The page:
Jeremy Bourne

On Saturday, we attended a community gathering at the youth center on campus. There were activities for the whole family - a climbing wall, make-your-own candy necklaces, flour-balloon friends (that had a cute British name but which I can't remember), Xbox, table tennis, etc. A friend of ours from the University of Arizona (who now lives in Oman) was up visiting us just for the day, and she came with us to the gathering to kill time before her flight back to Muscat later that afternoon.

Well, us adults ended up playing Guitar Hero for a few songs...or a few more...and by the time the game was over, our friend looked down and noticed that her purse was missing! A purse which, I should add, contained her passport and plane ticket for later that day.

Honestly, I didn't panic at first. Sharjah in general and campus specifically are not big on petty crime. Besides, Jeremy and I knew almost every single person in attendance at that gathering, and we figured that some kid (or adult, really) had accidentally walked off with the purse, mistaking it for their own. So we looked and asked around a bit. I got excited when I saw a completely unattended purse in the corner of another room, so I picked it up and brought it to our friend to ask if it was hers. It wasn't, which means I had just done to someone else what we thought someone else had just done to our friend.

(I put the purse back in its place, of course....and it sat there unstolen, unattended, for the next two hours. Like I said, this place is generally free of petty crime.) (And other types of crime, when I think about it.)

As we continued to look for the purse in every corner of the youth center, we found out from the youth center staff that the area where the purse was taken could be seen on a security camera. Awesome! - we would be able to see who had taken the purse, whether it had been on purpose or accidentally. The problem was, the youth center staff didn't have the authority (or ability) to rewind the tape to the time frame we needed. So our friend and I got to work trying to contact the security guy in Dubai on a Saturday afternoon to come rewind the tape so we could hopefully recover the purse before her flight left.

Jeremy, meanwhile, took the search up a notch. You see, since this gathering was held at an official center on campus that is usually only open to children and youth, there was a sign-in sheet by the entrance where we had all (or almost all) scrawled our names and house numbers to varying degrees of legibility. Jeremy took this sheet and immediately started working the room, asking anyone if they'd accidentally taken a purse and crossing off the names one by one.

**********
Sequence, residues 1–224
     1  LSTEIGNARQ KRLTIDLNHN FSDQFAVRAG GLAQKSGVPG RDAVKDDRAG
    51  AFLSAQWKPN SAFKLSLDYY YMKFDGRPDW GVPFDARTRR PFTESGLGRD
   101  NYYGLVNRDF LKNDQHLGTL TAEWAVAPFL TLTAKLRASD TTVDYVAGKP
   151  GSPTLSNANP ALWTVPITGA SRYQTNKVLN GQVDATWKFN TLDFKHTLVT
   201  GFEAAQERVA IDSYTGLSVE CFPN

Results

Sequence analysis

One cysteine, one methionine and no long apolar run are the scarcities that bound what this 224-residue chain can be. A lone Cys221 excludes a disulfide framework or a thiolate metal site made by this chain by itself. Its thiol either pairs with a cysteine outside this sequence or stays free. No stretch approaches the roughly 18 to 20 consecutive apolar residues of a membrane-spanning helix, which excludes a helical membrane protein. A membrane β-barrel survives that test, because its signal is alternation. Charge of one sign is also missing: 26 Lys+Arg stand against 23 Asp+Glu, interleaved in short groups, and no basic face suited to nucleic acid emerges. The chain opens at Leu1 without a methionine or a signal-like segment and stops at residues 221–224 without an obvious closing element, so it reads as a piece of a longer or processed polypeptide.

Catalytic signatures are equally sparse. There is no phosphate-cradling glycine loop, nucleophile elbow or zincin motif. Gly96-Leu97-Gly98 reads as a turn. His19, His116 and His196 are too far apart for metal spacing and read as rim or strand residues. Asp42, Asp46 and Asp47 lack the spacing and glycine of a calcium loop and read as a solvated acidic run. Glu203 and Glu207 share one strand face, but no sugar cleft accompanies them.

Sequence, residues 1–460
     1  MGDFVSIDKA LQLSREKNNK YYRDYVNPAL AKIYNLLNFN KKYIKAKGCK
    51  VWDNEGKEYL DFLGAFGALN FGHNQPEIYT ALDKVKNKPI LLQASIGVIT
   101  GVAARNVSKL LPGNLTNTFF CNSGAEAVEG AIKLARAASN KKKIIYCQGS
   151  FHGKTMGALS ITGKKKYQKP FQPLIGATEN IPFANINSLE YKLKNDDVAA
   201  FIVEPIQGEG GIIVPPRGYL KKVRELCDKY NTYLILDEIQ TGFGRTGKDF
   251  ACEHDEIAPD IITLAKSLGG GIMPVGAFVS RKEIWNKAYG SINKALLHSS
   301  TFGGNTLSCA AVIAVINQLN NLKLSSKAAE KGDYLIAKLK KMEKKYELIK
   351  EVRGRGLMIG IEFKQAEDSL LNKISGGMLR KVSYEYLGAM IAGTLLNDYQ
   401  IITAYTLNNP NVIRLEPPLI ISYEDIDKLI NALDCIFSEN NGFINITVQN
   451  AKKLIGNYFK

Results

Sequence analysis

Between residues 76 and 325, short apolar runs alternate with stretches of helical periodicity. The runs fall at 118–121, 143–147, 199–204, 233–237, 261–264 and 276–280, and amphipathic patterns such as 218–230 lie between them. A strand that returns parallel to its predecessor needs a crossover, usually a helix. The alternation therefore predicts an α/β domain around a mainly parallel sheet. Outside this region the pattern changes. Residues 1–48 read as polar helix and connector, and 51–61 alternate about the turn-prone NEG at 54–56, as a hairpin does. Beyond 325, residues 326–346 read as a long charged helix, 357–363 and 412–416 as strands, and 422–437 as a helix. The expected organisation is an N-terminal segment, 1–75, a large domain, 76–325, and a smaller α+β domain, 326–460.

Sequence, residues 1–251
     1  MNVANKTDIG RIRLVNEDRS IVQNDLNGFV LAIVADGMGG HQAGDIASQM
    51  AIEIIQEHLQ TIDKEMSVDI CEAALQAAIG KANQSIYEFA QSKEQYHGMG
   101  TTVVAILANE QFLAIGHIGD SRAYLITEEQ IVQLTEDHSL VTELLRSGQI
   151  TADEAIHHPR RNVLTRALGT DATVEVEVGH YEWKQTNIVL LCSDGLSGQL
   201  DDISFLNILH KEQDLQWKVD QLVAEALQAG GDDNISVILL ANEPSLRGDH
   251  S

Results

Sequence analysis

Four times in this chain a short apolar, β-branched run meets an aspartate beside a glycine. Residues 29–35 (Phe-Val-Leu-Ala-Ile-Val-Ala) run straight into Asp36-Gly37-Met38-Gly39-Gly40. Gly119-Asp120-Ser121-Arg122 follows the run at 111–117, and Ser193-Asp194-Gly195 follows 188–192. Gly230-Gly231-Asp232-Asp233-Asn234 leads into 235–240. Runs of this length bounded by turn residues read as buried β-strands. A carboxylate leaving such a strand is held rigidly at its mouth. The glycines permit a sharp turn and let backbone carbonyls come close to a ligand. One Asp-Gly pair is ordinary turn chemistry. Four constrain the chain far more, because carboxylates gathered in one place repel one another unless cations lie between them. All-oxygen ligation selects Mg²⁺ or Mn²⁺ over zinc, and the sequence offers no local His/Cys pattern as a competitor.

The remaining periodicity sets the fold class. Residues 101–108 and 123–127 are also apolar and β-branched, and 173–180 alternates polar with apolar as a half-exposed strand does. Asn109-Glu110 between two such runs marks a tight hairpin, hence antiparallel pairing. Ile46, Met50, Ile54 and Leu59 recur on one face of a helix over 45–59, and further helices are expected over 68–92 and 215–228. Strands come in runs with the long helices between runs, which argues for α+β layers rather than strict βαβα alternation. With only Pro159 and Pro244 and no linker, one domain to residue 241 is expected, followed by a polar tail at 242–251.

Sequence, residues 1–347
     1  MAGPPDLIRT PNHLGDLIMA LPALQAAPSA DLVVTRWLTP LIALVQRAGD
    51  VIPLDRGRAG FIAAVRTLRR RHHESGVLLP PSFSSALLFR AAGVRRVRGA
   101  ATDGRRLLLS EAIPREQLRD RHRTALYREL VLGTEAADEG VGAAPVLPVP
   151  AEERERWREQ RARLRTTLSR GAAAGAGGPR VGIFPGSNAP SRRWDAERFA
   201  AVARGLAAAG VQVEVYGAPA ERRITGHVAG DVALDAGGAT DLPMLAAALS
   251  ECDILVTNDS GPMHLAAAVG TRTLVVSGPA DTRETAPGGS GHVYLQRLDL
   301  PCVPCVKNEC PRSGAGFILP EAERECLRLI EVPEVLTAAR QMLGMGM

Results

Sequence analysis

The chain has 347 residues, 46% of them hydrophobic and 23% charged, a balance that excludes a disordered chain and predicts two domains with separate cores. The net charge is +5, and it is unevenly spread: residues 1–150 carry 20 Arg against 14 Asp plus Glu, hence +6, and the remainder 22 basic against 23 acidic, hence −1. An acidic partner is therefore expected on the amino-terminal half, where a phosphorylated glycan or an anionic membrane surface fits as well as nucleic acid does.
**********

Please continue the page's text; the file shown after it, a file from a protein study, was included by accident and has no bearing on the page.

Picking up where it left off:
But some of the people who had signed in had already left, so Jeremy found a phone in the corner of the room and started calling. And calling. And calling. It wasn't the easiest conversation to have with people - "did you or your children, uh, accidentally maybe steal someone's purse?" - but most people were very helpful even if they ultimately had not seen/taken the purse.

UNTIL. He called one lady who said something like, "oh yeah, I think my daughter's friend might have grabbed someone else's bag!" Jackpot!!!! We were so glad to have found the purse and our friend immediately stopped cancelling her credit cards. The lady brought the purse back and handed it over, but only after opening it to remove the miscellaneous toys her daughter's friend had put inside. In other words, exactly what we suspected had happened at the beginning, WAS what had happened - some little girl walked off with a bag that she thought was hers but wasn't.

The most impressive part of this story to me is how Jeremy had the idea to talk to everyone who had signed in. I don't know if I ever would have thought of that. On the walk home, our friend and I were kidding Jeremy about having learned that tactic on Law & Order or something, but it turns out he was thinking, "what would Jason Bourne do?" As it turned out, that was the right question to ask.

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